I believe in the transformative powers of travel. But seven months into a year-long trip around the world, I was weary. Tired of plodding through another 90 degree morning, in yet another malaria-infected country. That’s when I found myself standing on the sidewalk in Siem Reap, Cambodia, outside a restaurant where my husband, eight-year old daughter and I had just dined on what passed as local-fusion cuisine. We had sought the place out as a respite from the heat, dirt and noise of our surroundings.
“Why?” I asked myself repeatedly. Why had we given up a house, job, cars and belongings to travel? Given that most of the time I was thoroughly miserable, where did my zealous desire to keep traveling come from? The answer was simple: despite the discomfort, I believe that traveling is the best way to appreciate the glory of the Pyramids or to understand the rise and fall of ancient cities, including Angkor Wat. Travel gives me cerebral pleasures—it supplements my quest for knowledge—and in turn, it is transformative.
And then she was tugging at my pants. She couldn’t have been more than three or four, an emaciated slip of a girl. Before I had time to really take in her semi-dressed body, or even look to see if she had a parent nearby, I was distracted by what she was carrying. Impossibly tiny, the baby had to be a newborn, but never in my life have I seen a baby this naked, this exposed; casually held while her big sister begged. I pulled out a few grimy bills from my pocket and handed them to the child. In the time it took for me to turn to my husband and exclaim “Did you see that?” seven more children were pulling on my shirt holding their hands out for a pittance.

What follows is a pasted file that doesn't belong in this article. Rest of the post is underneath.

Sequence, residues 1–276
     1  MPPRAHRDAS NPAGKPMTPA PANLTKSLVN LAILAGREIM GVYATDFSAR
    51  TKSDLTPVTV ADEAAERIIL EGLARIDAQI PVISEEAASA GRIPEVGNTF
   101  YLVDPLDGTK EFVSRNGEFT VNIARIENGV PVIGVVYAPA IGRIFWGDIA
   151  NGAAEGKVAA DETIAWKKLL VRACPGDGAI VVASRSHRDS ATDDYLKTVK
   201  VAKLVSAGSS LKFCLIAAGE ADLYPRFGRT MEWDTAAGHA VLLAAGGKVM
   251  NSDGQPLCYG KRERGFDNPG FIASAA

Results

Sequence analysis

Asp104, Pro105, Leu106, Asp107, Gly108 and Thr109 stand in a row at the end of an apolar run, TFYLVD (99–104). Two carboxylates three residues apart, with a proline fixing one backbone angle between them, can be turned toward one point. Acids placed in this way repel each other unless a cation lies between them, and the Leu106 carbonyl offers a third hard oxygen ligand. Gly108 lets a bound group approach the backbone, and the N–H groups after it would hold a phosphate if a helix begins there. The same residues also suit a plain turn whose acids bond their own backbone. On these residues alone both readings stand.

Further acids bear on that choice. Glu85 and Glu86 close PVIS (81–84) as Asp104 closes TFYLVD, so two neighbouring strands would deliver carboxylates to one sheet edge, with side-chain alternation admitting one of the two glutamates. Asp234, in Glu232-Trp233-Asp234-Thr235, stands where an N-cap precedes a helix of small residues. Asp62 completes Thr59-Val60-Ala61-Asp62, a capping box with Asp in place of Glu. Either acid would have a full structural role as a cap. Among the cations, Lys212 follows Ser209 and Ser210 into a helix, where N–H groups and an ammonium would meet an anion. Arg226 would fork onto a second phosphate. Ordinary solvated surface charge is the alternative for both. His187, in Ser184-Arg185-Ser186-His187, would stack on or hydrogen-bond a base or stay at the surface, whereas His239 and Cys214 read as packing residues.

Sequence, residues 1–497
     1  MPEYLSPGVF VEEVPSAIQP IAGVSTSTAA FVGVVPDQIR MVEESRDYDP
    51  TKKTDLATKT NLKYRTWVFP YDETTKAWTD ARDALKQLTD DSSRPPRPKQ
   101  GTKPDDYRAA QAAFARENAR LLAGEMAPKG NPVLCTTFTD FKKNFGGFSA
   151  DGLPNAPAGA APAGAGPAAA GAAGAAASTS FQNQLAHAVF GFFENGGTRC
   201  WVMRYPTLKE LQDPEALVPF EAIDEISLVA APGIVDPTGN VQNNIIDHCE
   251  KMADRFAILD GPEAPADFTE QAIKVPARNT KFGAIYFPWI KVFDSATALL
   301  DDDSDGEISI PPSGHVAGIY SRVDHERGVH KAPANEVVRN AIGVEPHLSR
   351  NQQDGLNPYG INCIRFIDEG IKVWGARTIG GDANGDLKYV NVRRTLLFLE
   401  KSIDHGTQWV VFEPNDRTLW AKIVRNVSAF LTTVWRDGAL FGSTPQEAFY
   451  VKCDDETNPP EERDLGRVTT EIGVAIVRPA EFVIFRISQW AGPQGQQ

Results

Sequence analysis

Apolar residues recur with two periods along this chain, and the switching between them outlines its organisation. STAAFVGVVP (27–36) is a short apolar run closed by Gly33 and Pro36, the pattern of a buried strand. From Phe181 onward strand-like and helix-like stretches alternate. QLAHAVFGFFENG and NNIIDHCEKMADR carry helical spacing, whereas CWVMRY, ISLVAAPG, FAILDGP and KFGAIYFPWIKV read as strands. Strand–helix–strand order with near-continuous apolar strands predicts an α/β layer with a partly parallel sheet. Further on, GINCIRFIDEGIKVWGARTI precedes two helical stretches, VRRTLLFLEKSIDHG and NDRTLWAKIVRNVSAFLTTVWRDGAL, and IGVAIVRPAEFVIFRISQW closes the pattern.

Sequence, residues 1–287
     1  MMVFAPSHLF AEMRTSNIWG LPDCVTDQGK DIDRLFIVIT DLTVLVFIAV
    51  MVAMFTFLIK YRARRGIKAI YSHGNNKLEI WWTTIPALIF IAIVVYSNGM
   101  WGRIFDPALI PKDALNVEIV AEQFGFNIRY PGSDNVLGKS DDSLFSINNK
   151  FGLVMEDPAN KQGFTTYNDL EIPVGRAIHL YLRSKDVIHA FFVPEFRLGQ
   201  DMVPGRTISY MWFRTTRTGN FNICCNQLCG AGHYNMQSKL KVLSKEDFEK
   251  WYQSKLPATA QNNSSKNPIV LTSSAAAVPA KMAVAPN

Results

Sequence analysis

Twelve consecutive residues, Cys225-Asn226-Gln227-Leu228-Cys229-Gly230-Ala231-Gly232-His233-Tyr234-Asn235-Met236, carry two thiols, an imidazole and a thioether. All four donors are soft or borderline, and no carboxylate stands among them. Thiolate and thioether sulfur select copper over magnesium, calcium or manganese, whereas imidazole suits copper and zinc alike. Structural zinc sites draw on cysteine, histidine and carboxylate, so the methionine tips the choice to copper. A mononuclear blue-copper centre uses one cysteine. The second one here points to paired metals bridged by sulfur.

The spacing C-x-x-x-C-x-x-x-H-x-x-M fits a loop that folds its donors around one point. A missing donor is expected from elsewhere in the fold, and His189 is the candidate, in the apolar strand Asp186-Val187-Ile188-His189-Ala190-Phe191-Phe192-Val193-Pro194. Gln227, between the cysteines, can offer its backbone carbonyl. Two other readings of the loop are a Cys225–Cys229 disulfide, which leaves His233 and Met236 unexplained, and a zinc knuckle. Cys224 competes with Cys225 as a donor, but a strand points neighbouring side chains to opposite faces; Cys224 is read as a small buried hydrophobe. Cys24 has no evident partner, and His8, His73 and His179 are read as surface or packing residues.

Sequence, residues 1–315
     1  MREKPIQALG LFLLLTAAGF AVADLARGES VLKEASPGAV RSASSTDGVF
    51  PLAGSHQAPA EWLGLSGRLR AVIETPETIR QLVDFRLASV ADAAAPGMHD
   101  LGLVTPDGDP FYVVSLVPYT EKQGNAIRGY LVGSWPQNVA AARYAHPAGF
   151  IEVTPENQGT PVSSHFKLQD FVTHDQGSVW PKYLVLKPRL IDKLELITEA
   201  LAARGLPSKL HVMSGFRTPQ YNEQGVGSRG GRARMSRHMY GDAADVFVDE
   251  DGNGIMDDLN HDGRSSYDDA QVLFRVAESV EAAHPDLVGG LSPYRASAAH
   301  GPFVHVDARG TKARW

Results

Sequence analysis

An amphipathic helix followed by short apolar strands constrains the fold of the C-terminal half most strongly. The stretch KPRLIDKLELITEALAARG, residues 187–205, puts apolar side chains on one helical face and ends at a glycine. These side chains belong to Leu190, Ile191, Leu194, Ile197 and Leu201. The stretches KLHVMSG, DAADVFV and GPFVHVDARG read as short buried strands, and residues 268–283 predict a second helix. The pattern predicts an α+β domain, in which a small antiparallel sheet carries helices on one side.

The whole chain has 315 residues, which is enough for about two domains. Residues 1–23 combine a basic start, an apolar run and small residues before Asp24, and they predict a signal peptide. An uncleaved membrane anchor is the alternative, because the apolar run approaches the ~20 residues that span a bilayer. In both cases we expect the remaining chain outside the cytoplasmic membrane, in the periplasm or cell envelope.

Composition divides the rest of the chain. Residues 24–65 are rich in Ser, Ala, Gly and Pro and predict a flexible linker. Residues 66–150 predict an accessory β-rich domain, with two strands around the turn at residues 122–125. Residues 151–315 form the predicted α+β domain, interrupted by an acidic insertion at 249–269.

Of all the breathtaking sites we visited, of all the human drama we witnessed, this moment—a nanosecond for them, an eternity for me—seared itself into my memory more than anything I had seen on our trip. Humbled, I realized there were limits to my devotion—I could sail in and out of whatever landscape I saw fit. My wealth, their poverty; were separated by the thinnest veneer of happenstance. While I could feed their bellies and shore them up physically, at that moment I truly understood what it meant to be powerless. Powerless to change much for them, but nonetheless powerful enough to escape, as I had tried to do in that café.
This is when I truly understood that travel is my religion. I must travel: to understand the plight of others, to realize my limitations and prejudices and to confirm my belief that people are inherently good. The only way I know that I can grow is to force myself out of my comfort zone, to a place where I must recalibrate everything I understand in the world in order to thrive.
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